Gyms have been closed throughout the UK’s lockdown but we’re looking ahead to when they open back up again.
Many of us are working and socialising from home, and we’re all exercising from home, too. Many will be wondering what to do once the lockdown restrictions are lifted. For some, it might be cancelling or renewing gym memberships, and for others, it could be setting up a gym at home.
What about those who are unsure of what to do? They may be asking should I join a gym or workout at home because they’ve never had a gym membership or an at-home practice before.
We wanted to look at the pros and cons of both.
What are the Benefits of Working Out at the Gym?
Gyms can be social places with real camaraderie between members.
You get help on using equipment correctly and safely.
You may have access to additional classes or facilities included in your membership.
Gyms give you a choice of equipment to exercise on, so you won’t get bored.
Exercising away from the home can help force you into an ‘exercise’ mode because the change of scenery can be a great motivator.
There are fewer distractions at the gym and it’s harder to procrastinate.
There’s a high progression ceiling at the gym. The fitter or stronger you get the more opportunity there is to build on that.
There will be people around if you become injured or unwell.
Your landlord might not want you dropping heavy weights on his or her floors or you might not have the space to pursue the training routine you want at home.
You can try-before-you-buy with most gyms. If you don’t like it, then you haven’t lost anything. Returning exercise equipment, however, can be a nightmare.
Benefits of working out at home?
There are no monthly fees to pay at home
You don’t have to drive or catch a bus to workout in your own house.
You can start small and build your way up to a bigger gym.
You don’t have to deal with other people or wait for equipment to become clear.
You can make sure the equipment is cleaned and wiped down correctly.
You can access thousands of hours of workouts online to mix-up your routine without paying a penny.
Is Working Out at Home as Effective as Working Out in the Gym?
Absolutely, but it will depend on what your goals are and how you plan on doing it.
If you’re exercising just for general wellbeing, then you can be a little less structured. If you’re training for an event or working towards a specific goal, then you’ll need to be more structured in your approach by using a plan or strategy.
You can get fit without a gym but you should establish your goals or aims before you get started to ensure you’re on the track to success.
Is Joining a Gym Worth It?
Yes, but only if you use your membership. There’s no point in maintaining your contract if you never go or don’t enjoy going.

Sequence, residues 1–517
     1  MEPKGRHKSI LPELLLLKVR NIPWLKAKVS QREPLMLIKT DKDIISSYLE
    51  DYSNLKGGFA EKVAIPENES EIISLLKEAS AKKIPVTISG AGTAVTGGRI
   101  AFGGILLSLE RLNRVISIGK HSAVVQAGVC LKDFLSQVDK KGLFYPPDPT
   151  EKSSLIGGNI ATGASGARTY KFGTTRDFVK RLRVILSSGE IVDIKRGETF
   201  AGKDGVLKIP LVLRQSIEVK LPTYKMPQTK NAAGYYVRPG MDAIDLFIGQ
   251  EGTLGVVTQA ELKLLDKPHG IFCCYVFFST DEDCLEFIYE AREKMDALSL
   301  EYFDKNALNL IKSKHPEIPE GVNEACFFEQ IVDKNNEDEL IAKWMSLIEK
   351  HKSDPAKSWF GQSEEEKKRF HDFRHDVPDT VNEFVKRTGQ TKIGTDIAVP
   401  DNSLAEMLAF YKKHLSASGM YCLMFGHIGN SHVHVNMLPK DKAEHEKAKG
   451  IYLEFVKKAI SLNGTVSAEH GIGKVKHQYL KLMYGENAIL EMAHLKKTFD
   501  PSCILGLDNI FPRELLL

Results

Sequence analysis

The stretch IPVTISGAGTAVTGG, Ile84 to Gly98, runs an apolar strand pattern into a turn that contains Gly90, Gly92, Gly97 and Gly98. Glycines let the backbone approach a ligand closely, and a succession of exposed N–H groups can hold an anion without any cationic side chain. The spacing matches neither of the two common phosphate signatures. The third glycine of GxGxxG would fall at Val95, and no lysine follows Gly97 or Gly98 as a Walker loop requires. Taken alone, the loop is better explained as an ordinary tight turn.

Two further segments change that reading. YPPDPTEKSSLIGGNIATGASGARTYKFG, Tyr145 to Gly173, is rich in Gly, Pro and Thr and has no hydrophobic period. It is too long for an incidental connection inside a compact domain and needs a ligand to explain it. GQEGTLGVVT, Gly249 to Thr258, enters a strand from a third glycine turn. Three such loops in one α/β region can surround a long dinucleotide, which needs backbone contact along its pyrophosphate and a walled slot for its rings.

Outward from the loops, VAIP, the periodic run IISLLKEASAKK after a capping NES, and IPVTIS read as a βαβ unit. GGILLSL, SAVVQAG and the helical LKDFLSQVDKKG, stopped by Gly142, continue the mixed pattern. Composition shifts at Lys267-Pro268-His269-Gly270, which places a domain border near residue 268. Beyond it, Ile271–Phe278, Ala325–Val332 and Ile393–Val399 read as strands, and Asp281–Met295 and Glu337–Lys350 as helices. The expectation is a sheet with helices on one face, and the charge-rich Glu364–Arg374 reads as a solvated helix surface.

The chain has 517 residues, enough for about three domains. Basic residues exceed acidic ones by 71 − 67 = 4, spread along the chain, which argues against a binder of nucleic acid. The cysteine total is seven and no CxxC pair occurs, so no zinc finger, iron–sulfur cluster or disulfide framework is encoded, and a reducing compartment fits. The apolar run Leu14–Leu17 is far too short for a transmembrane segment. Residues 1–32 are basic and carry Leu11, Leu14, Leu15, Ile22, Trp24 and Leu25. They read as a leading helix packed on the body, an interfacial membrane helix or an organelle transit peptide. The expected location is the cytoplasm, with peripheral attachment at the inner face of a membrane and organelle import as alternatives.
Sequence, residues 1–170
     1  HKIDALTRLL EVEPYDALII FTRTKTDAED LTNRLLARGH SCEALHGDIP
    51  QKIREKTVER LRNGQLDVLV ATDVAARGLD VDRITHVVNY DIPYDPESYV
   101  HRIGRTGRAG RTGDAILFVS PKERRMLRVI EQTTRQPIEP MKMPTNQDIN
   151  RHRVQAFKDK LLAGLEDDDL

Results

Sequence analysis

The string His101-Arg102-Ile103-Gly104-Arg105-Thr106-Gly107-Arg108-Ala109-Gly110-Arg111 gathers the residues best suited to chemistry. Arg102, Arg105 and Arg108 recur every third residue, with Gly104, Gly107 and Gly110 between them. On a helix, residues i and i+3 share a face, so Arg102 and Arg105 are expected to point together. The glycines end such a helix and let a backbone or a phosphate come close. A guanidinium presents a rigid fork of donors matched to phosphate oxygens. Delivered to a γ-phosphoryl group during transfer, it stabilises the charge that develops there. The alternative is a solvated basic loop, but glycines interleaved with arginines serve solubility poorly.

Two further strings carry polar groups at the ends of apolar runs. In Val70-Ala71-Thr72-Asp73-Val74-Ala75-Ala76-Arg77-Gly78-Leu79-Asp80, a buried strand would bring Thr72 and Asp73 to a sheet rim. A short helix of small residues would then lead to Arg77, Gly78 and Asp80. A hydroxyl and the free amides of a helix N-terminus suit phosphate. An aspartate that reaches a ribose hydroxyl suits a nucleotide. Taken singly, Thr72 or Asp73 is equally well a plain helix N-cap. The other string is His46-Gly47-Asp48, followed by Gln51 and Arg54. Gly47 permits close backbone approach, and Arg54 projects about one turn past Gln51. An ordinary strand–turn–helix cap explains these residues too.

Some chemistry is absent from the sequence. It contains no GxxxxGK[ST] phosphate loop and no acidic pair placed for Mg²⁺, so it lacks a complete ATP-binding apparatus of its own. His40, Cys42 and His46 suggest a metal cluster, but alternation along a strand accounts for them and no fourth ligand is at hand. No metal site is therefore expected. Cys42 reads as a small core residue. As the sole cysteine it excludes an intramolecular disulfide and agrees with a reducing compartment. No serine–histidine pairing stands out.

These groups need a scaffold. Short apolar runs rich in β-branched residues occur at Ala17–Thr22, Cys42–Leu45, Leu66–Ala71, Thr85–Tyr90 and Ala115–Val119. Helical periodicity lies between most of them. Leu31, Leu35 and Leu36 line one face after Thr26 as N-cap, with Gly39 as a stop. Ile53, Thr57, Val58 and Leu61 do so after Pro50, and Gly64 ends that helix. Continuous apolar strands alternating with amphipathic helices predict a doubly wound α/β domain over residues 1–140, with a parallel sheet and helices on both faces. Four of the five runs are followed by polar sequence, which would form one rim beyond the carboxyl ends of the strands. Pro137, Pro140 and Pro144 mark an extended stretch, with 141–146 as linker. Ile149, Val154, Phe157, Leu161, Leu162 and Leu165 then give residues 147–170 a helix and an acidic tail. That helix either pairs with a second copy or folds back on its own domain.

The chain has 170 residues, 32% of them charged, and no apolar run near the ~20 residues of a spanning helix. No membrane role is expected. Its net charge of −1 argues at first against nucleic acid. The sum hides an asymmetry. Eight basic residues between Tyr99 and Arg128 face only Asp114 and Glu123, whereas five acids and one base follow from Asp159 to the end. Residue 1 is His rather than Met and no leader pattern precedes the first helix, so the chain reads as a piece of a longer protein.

We all have grand ideas: if I join the gym, then I’ll be a healthier, happier person but it doesn’t always work like that.
Joining the gym is the easy part but it’s the turning up week-in week-out for a workout that makes it a worthwhile investment of your money and time.
Take a look at the gym in January and then again in March. It’ll tell you a lot about people’s notions of commitment.
We’d always advise trying the gym before you get locked into a big contract. Take advantage of free trials or buy a day pass or a weekly pass to try it out before committing.
Try multiple gyms out to see which one you like best.
You could also start at a gym on a rolling contract to see how you go. If you’re still going three months later, then look for a gym with more facilities and an annual contract. The point is by then you’ll have made exercise a habit and you’ll know yourself that you’ll use your membership.
Remember, too, that there’s a tonne of stuff you can do to get fit that doesn’t involve joining a gym. You could go walking, for example. Moneywise recommends joining a local walking group or rambler’s association. Getting out in the fresh air, exploring new areas and wildlife spotting could be something more enjoyable than sweating it out on a treadmill.
They also recommend running, cycling, bodyweight exercise, swimming and yoga.
Try park runs or going swimming for a couple of weeks to see if they stick. Test yourself and your resolve before throwing money at something you may end up not using.
Is an At-Home Gym Worth It?
Yes, but you have to use it.
The initial investment of a home-gym will be higher than a gym membership but using it regularly will off-set the purchase price. In the long run, it will be cheaper than paying a monthly fee.
You could also take into consideration the petrol costs you’ll save by not driving to and from the gym.
Should I Join a Gym or Workout at Home?
No one can answer that question for you.
It’s not about the signing up but the commitment afterwards. You have to be realistic and honest with yourself. It’s okay to say that no, you don’t want to join a gym. There are hundreds of activities, exercises, sports, hobbies and ways of keeping fit that happen outside the gym or home.
Use lockdown as an opportunity to try out home workouts.
Get outside and go jogging or running. Take up skipping or hula hooping if you want to. Buy a cheap pair of dumbbells to see how you get on. The gyms won’t be open for some time so use this period to test your commitment and your resolve to exercise. See how beneficial (or not) the at-home environment is to you. If it works, then maybe you don’t need to use a gym. If it doesn’t, then you can benefit from getting into the habit of exercising which will put you in good stead for any future gym membership choices you make.
Looking to start building your home gym? GymHugz can deliver a range of at-home equipment including free-weight barbell sets, dumbbells and more.